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South Gate Officials Ordered to Testify

Probe: Council members, treasurer will appear before grand jury in corruption inquiry.

November 07, 2001|RICHARD MAROSI | TIMES STAFF WRITER

The South Gate City Council and city treasurer have been ordered to testify this week before the Los Angeles County Grand Jury as part of an ongoing political corruption investigation.

Council critics have reacted to the proceedings with glee. At Monday night's City Council meeting, some residents tauntingly waved plastic handcuffs at officials they hope will soon be indicted.

The grand jury testimony from officials across the city's political spectrum marks a crucial stage in the months-long probe by the Los Angeles County district attorney's public integrity unit.

The targets are unknown, but some law enforcement and city officials think prosecutors are focusing on possible fraud in the city's recent elections.

The grand jury proceedings threaten to further polarize a city caught in a fierce political power struggle between the council majority and two police unions over who should be the next deputy police chief.

Recent council meetings have degenerated into angry shouting matches and jeering. Police and their community supporters say the selection process is a sham and an example of widespread corruption by Treasurer Albert Robles and his three council allies--Mayor Raul Moriel, Vice Mayor Xochilt Ruvalcaba and Councilwoman Maria Benavides.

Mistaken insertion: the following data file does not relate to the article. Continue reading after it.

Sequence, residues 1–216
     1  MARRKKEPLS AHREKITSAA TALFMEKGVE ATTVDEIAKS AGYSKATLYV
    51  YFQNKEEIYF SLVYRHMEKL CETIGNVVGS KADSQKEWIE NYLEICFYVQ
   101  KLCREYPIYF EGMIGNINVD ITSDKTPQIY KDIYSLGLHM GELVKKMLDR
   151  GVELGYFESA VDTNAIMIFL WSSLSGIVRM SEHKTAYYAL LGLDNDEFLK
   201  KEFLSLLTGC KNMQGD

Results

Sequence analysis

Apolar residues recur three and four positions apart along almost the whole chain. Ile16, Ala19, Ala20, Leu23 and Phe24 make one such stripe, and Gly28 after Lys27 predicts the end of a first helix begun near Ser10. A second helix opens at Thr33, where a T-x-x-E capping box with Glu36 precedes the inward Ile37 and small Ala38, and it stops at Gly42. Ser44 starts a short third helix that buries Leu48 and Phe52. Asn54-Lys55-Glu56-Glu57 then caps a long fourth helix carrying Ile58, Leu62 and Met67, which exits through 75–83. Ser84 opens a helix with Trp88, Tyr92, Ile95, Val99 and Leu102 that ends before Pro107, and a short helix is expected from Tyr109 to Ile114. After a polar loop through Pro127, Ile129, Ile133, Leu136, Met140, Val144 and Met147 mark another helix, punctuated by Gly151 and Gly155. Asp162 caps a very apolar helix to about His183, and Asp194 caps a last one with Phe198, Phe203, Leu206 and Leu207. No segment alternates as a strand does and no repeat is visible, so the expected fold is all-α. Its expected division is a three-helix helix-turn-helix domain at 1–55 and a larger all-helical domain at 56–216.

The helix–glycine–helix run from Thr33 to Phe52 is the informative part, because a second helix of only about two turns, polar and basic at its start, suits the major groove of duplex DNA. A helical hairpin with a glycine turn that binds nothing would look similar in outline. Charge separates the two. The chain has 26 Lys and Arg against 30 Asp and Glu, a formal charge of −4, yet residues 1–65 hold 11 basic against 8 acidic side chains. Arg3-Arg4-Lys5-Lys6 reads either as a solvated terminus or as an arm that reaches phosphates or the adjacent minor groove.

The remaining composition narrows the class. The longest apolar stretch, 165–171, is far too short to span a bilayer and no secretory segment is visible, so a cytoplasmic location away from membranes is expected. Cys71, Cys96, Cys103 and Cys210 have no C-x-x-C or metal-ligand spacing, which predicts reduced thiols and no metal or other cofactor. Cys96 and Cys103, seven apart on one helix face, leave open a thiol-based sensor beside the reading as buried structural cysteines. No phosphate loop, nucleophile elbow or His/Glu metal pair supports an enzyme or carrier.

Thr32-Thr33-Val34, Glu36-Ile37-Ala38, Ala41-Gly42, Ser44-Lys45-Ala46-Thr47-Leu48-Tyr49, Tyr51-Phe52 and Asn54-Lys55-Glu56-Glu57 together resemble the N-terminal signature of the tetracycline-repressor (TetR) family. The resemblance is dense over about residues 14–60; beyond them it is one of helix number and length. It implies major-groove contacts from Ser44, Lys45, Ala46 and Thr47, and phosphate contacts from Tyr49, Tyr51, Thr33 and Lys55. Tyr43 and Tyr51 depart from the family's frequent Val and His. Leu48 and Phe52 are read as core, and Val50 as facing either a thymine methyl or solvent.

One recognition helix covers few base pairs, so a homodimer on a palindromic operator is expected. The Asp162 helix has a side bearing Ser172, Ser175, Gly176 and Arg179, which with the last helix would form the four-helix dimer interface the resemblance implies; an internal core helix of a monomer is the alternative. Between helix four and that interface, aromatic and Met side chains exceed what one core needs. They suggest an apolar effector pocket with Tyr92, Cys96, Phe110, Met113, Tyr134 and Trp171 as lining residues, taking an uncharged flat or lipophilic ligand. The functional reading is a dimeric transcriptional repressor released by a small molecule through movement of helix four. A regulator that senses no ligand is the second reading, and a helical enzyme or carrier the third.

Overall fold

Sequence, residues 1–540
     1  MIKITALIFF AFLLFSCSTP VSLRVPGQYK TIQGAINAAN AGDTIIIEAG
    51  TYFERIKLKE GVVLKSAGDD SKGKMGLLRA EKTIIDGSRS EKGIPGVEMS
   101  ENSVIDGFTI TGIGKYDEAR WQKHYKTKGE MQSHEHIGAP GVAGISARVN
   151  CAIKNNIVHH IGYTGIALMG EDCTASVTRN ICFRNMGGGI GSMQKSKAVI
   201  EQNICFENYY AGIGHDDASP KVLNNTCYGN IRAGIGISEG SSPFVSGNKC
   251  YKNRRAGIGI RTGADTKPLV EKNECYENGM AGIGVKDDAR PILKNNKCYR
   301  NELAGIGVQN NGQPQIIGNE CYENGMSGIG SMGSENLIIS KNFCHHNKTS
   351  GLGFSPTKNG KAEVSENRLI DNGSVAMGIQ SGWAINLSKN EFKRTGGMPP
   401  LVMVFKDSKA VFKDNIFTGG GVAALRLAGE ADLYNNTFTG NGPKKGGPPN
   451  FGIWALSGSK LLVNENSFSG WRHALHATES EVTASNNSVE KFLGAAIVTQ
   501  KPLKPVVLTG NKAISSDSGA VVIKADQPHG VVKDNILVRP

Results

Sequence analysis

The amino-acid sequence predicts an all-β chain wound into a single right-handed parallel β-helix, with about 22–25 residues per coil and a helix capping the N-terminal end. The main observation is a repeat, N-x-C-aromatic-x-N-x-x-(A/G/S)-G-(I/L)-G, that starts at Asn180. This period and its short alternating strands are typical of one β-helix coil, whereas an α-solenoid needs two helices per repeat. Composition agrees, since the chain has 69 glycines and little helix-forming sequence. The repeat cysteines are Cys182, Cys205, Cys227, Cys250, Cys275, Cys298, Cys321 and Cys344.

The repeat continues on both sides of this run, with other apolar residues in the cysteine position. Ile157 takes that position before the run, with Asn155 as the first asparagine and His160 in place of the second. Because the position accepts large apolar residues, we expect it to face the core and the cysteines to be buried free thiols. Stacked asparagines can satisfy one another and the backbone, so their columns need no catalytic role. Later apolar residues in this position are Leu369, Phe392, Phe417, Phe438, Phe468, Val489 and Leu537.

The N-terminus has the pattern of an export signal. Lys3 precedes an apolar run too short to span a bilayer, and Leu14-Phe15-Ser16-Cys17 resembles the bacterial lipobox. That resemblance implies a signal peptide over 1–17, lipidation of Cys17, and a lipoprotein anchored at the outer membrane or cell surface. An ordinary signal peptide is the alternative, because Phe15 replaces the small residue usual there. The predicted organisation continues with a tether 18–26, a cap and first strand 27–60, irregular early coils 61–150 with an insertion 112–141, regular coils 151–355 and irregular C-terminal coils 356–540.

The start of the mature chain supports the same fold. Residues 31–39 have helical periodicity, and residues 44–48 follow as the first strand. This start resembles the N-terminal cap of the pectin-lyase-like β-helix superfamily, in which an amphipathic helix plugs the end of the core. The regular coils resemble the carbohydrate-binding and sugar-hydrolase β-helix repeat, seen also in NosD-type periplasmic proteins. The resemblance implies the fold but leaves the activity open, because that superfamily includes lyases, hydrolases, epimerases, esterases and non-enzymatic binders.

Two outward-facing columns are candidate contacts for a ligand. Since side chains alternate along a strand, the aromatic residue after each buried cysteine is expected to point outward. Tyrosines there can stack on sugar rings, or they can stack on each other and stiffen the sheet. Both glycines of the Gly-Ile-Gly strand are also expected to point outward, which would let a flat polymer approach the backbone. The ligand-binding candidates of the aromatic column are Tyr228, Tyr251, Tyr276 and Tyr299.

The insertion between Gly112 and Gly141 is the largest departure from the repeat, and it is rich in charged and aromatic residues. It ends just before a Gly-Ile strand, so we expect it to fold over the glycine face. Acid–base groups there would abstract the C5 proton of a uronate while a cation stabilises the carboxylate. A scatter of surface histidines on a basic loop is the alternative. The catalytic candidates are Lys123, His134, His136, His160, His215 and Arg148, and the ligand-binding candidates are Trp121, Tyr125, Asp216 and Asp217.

"Our belief is that the grand jury will come back with indictments," said Joe Ruiz, a resident and frequent Robles critic.

But Robles dismissed the handcuff-waving and jeering as theatrics.

"I'm not afraid of anything," he said Tuesday. "There is a saying in Spanish: El que nada debe, nada teme. He who owes nothing, has nothing to fear."

At the grand jury proceedings, Councilman Henry Gonzalez said fellow members Hector De La Torre, Ruvalcaba, Benavides and Moriel were scheduled to testify Tuesday. Robles also was scheduled to testify in the secret proceedings, according to Gonzalez.

Gonzalez and De La Torre broke with other city officials in declining to be represented by attorneys at taxpayer expense. Both say they don't need representation, and will cooperate fully with investigators.

"I welcome the opportunity. I have nothing to hide," Gonzalez said. "I'm doing my civic responsibility . . . to respond to any question and respond truthfully."

Most observers believe the probe has to do with possible electoral fraud during recent elections. Investigators asked City Clerk Carmen Avalos to bring boxes of election material to the grand jury, according to Gonzalez.

Meanwhile, the selection process for the next deputy police chief took an unexpected turn this week when officials announced that the three leading candidates had declined the job.

The top candidate, Maywood Police Chief Rick Lopez, didn't return calls seeking comment.

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